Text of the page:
Guys, Which month should I really start revising for As levels?(aiming for A's) Watch

tallguy777
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I'm really quite nervous at the moment, with all the new reforms and everything I feel as if I need to really work my hardest, which is understandable. Having gone on a short residential trip to Lancaster University made me realise that to achieve well in my quite challenging A level choices, (Physics, Maths, English Lit and History)- achieving all A's)), I will really have to start revising perhaps earlier on and have a routine going on too, ensuring I have a neatly organised timetable to support this.

I do feel like my friends are not taking this seriously. I received only slightly above average GCSE grades (2A*s 6As and 2B's) but my friends have it in their heads that with 1 month extra revision for A levels they will somehow emerge victorious despite gaining only B's and a few A's at GCSE from virtually the same amount of revision. They don't seem to have a realistic picture of what actually going on.

What I'm really asking, is when should be the time I start doing my recommended 3 hours a day revision weekdays and 6 hour a day weekends? I don't really know if starting now is necessary or not considering the amount of homework we have and syllabus we have yet to discover, but I also don't want to screw up my chances. Any help will be much appreciated.
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tallguy777
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LoveToArgue
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I got 6 As at AS (maths, history, eng lang, bio, french, general studies) and I think my technique worked well.

Don't do 12 hours a day on the weekends, do 8 hours a day of work separated into 2 hour sections with 1 hour break in-between. I followed this seriously from Easter holidays onwards and did 8 hours a day every day during Easter, and 8 hours on weekends when back in school. I always did 3 hours of work on a weekday, comprising of a mixture of homework and revision. Before Easter, I would aim to go 6 hours of school-related stuff a day on weekends, usually a mixture of homework and revision, and the usual 3 hours a day on weekdays. However, don't start the 8 hour days until the Easter holidays
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siqi
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would suggest you to revise and make your own notes as you go along. Make sure you go over everything after classes at your own time and find out whatever you didn't get. It's also quite helpful to just do the exercise questions in your textbook especially for maths and physics.
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tallguy777
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(Original post by LoveToArgue)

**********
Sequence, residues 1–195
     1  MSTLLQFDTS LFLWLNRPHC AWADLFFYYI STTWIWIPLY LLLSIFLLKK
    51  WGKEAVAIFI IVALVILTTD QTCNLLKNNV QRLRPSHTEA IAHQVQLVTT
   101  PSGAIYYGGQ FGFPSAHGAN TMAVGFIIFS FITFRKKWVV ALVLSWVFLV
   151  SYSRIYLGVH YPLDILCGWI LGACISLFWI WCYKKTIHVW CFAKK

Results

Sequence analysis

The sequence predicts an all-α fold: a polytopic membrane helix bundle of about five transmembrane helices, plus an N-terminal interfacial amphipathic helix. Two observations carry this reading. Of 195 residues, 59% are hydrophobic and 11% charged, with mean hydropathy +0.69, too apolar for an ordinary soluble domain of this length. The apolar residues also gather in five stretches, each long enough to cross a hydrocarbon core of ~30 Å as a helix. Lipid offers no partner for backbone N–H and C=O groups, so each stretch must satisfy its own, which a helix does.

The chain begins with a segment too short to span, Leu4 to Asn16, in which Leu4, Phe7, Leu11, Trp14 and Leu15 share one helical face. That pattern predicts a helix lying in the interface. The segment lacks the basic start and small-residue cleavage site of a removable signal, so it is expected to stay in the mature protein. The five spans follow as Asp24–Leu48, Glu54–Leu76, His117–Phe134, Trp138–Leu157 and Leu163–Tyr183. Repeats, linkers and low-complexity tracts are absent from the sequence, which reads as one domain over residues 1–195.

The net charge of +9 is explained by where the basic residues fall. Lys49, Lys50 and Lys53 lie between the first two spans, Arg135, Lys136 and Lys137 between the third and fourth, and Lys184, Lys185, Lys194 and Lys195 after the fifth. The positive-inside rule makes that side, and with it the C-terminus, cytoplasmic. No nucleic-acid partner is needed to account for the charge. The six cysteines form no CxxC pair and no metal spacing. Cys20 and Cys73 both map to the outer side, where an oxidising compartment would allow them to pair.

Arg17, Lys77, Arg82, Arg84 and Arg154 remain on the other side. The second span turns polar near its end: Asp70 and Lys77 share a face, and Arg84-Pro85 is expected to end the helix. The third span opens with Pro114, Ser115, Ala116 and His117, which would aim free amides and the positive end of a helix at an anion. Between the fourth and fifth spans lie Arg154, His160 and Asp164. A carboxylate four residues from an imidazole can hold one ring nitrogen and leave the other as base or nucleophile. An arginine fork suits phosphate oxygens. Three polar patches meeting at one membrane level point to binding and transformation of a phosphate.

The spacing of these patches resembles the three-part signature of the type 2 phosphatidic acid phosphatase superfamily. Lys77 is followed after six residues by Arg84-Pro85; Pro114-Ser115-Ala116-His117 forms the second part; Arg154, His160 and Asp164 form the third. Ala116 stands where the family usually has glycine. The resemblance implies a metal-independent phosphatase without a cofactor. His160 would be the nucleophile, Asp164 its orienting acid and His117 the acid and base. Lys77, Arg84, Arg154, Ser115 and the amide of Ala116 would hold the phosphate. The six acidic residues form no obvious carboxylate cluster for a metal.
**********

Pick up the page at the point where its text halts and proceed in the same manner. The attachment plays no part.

I got 6 As at AS (maths, history, eng lang, bio, french, general studies) and I think my technique worked well.

Don't do 12 hours a day on the weekends, do 8 hours a day of work separated into 2 hour sections with 1 hour break in-between. I followed this seriously from Easter holidays onwards and did 8 hours a day every day during Easter, and 8 hours on weekends when back in school. I always did 3 hours of work on a weekday, comprising of a mixture of homework and revision. Before Easter, I would aim to go 6 hours of school-related stuff a day on weekends, usually a mixture of homework and revision, and the usual 3 hours a day on weekdays. However, don't start the 8 hour days until the Easter holidays
did you do revision in september/october time?
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socialist96
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I didn't start revising until March and I still got A's.


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LoveToArgue
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(Original post by tallguy777)
did you do revision in september/october time?
Nope, we hadn't even learnt the content by then so there was virtually nothing to revise. I only revised if we had an end of topic test or something. I made notes whilst doing this, and then used these notes to revise for the real exams in May/June
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tallguy777
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(Original post by LoveToArgue)
Nope, we hadn't even learnt the content by then so there was virtually nothing to revise. I only revised if we had an end of topic test or something. I made notes whilst doing this, and then used these notes to revise for the real exams in May/June
thank you very much, maybe my school is just overly strict
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math42